As I write this, Hurricane Sandy has wrought devastation across the East Coast. I have heard mind-numbing stories of loss and tragedy and heroism. At such a time it seems odd to write about the holidays, but this person’s letter reminds me that at their core, the holidays are about people coming together.
Q. The holidays are a fun time for most everyone and the social atmosphere at most offices lends itself to holiday events: cookie exchanges, potluck lunches, Secret Santas, etc. How can we enjoy ourselves and still be respectful of those who choose not to celebrate, can’t participate because of financial restraints, or may not be in the mood to join the festivities? I’ve always wanted to have a multicultural celebration so everyone can enjoy, and we can learn from each other.
M. M., Hillsboro, Ore.
A. You’re right that some people choose not to celebrate while others would celebrate but don’t feel they can because of financial or other reasons. For the former, the best thing you can do is respect their desire not to take part. Let them know they are always welcome, but also be respectful of their wishes by not pestering them.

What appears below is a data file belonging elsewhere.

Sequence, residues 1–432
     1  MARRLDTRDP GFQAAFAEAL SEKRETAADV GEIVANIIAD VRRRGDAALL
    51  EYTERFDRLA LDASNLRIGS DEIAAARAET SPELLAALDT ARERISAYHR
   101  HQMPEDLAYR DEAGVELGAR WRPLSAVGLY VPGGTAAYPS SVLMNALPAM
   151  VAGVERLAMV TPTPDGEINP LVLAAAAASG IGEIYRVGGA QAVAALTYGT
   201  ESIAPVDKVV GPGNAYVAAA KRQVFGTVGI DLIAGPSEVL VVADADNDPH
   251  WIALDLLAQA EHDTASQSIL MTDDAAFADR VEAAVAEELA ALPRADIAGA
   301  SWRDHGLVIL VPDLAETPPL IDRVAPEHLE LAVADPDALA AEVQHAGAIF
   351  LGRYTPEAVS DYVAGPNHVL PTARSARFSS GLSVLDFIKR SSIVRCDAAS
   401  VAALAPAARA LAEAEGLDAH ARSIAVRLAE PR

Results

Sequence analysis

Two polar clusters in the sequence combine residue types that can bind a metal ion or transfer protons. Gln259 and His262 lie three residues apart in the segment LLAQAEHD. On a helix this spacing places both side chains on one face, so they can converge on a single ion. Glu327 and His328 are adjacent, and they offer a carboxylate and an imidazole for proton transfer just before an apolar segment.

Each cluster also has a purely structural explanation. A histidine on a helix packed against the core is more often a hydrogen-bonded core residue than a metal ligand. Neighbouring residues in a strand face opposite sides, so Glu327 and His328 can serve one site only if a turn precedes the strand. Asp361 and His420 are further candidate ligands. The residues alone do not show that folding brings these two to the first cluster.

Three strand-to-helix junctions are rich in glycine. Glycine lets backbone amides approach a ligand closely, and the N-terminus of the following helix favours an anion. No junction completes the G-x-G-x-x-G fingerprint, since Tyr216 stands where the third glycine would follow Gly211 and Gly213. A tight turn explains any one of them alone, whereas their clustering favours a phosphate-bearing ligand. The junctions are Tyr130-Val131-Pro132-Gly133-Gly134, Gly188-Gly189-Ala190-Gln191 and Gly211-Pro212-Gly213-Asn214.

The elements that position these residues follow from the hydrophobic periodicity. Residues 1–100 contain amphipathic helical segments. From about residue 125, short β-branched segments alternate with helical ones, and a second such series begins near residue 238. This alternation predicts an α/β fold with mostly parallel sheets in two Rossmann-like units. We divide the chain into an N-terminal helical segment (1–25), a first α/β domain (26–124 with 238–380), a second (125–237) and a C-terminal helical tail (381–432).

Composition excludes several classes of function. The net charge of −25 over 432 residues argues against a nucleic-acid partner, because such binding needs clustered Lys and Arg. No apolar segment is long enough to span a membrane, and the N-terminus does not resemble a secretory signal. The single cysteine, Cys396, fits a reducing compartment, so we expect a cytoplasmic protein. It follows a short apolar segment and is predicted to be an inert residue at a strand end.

Consider switching the “Secret Santa” for a “Yankee Swap,” a more inclusive-sounding alternative whose rules often make it more fun, too. Alternatively, speak to planners and suggest an office celebration that is tradition neutral or encourages participants to share elements of their holiday traditions.
There are also people who would want to celebrate but can’t because of finances. If your office is organizing holiday donations, whoever is in charge should make sure that no one is pressured to contribute and all donations are anonymous. Set price limits for gift swaps, and keep them low. Make sure there are ways for employees to participate that don’t involve money.
I like your thoughts about the opportunity the holidays offer to learn about the ways different cultures celebrate. At home, you can take the initiative by inviting a friend or colleague from another culture to your celebration. And let them know that you’re interested in appreciating theirs, as well.E-mail questions about business etiquette to firstname.lastname@example.org.